Roger Casement: a Little Known Irish Gay Hero
Roger David Casement was a very complex “gay hero,” executed for his part in the Easter Rising of 1916 in Ireland. Casement was born into the Anglo-Irish Protestant Ascendancy in Ireland at the height of the British Empire. Losing his parents early in life, he was raised in Northern Ireland among his Protestant relatives. Leaving school at 16, he ventured to England, ended up in Africa, and over a lifetime changed many of his views and his allegiances. He is viewed as a traitor in Britain, a hero in modern Ireland, and was the most well known of the Irish Martyrs of the 1916 Rising. He had a worldwide reputation for his exposure of human rights violations in both Africa and Latin America. This presentation will deal with the life of this remarkable individual and his place in Irish and gay history.
Our presenter, Dr. David Champagne, holds a BA and MA in history from San Jose State University and a PhD in Middle Eastern history from the University of Texas at Austin. He served in the Peace Corps in Afghanistan (1968-71) teaching English, and from 1977 to 1982 he was Assistant Director of the Center for Afghanistan Studies in Nebraska. He then began working for the Department of Defense at Fort Bragg. Between 2002 and 2005 he was deployed to Afghanistan five times. From 2006 to 2012 he was assigned as Director of the 4th Psychological Operations Group (airborne) Strategic Studies Detachments (now 4th Military Information Support Operations Group), whose more than fifty analysts covered the entire world in support of US diplomacy. He has traveled widely in Europe, Asia, Australia, New Zealand, South America, and the Middle East.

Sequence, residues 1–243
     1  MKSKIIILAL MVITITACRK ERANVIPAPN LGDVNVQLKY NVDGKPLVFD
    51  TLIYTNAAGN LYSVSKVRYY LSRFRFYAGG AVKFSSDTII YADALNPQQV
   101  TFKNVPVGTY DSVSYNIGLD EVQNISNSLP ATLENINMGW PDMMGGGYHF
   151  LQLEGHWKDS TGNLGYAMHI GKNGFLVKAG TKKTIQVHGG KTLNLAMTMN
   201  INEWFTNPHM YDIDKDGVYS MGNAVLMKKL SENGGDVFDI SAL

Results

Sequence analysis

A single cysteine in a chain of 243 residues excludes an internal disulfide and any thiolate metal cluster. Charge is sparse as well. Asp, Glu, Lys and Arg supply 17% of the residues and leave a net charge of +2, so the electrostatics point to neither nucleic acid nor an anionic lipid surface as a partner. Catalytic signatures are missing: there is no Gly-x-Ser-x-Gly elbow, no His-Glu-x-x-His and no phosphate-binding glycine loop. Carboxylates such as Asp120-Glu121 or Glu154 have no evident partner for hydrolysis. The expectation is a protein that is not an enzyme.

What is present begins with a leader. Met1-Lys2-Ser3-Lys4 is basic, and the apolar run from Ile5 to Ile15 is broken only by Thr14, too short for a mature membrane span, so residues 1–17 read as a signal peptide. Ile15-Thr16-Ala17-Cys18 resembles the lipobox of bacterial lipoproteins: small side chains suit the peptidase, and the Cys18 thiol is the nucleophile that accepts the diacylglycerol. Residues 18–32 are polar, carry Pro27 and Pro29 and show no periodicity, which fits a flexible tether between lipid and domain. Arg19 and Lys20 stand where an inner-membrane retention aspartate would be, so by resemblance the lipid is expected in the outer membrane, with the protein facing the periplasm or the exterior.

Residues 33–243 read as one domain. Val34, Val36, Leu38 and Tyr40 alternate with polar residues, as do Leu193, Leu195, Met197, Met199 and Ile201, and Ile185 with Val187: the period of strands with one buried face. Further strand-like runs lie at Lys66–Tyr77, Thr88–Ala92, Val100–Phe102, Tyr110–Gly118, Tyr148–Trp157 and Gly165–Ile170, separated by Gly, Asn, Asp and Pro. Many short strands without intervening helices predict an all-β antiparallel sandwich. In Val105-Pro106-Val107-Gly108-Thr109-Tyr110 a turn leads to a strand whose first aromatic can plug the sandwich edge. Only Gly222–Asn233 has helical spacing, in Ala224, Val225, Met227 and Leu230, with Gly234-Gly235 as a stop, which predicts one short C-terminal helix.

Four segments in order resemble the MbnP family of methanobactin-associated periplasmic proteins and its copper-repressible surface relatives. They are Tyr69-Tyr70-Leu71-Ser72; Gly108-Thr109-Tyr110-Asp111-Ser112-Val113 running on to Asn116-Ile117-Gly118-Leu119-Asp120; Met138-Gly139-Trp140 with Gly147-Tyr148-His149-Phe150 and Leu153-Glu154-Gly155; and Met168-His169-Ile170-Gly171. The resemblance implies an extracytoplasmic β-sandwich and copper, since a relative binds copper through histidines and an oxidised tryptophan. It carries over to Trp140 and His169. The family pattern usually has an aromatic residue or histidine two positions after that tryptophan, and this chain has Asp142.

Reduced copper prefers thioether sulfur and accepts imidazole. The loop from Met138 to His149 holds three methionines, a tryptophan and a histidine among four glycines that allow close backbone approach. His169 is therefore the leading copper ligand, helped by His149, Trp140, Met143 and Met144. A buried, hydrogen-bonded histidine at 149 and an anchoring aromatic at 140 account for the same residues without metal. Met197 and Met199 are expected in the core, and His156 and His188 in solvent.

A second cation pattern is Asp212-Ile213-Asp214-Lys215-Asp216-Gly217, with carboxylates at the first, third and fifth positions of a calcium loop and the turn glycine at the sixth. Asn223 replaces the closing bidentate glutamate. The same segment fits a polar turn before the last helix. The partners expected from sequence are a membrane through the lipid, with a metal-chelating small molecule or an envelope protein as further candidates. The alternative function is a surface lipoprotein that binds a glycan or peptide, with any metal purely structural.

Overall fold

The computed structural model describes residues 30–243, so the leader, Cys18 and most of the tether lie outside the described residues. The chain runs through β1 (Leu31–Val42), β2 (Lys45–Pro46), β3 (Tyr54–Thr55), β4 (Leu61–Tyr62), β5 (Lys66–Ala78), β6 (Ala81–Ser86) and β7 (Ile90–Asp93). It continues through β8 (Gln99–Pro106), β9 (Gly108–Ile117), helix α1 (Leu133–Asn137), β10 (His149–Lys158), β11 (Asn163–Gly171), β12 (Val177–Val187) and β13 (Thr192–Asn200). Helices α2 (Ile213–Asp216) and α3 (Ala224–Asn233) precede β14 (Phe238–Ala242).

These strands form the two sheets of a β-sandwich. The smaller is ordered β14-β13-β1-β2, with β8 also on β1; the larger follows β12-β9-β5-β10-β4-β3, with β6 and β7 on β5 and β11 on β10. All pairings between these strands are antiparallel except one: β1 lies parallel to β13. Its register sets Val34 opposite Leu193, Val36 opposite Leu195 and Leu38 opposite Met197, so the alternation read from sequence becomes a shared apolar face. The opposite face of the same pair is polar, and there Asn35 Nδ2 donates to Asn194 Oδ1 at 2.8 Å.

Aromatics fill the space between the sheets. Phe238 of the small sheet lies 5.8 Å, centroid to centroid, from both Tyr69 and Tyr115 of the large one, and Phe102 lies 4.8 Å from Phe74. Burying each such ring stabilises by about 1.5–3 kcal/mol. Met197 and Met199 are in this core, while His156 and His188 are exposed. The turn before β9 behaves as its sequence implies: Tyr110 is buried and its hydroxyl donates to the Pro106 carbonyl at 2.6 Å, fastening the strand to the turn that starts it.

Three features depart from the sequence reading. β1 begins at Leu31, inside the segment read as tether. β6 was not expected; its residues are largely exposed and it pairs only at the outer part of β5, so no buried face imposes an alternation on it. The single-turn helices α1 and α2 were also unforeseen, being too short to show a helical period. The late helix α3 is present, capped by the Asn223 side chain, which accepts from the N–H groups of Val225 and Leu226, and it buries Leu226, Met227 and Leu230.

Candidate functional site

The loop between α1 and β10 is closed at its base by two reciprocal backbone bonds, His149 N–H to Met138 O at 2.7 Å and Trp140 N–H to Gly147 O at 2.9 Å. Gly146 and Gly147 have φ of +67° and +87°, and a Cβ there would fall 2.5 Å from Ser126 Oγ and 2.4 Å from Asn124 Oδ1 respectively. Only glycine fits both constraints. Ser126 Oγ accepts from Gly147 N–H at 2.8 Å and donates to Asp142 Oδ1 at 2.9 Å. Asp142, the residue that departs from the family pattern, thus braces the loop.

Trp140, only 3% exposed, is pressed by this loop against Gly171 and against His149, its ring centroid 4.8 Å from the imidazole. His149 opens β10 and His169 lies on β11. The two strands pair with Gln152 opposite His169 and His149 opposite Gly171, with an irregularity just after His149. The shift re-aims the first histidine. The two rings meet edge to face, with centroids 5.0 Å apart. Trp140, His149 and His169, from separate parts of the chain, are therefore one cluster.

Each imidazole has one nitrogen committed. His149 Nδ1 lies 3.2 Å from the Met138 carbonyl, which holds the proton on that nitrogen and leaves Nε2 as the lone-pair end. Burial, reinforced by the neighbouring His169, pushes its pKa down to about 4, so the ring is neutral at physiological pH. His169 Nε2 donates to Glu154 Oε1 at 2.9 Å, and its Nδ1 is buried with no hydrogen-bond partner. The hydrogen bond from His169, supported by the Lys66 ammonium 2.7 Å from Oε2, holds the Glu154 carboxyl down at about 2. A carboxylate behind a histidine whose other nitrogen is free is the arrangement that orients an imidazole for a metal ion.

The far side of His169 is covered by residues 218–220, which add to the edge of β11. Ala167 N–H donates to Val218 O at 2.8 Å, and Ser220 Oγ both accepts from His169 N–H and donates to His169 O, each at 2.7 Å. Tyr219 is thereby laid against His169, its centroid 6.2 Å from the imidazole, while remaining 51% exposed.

In his free time, Dr Champagne also spent 25 years as a genealogist of his family history; growing up in an orphanage, he knew almost nothing about his family, and finding them became his avocation. His search for his relatives eventually took him to Canada, Ireland, and France, where he found connections going back to the 18th century. He located relatives in Ireland and Canada, and this fueled an interest in Irish history; he and his husband Michael had a reunion with his Irish relatives in 2016 in Nenagh, County Tipperary, Ireland.
His relatives in Ireland were involved in the 1919-1921 conflict with the British which led to the Irish Free State. One of his cousins lost his life in the conflict, being killed by the British Black and Tans; one of his granddaughters is named after Bridie Halpin, who was in the Irish Women’s Auxiliary, participated in the conflict, and was jailed by the British.
Dr. Champagne is currently teaching for the Osher Lifelong Learning Institute at N.C. State. In spring 2020, he taught a class on Irish History up to 1916, and in 2021 he will be teaching a class for OLLI on Ireland from 1916 to the present day.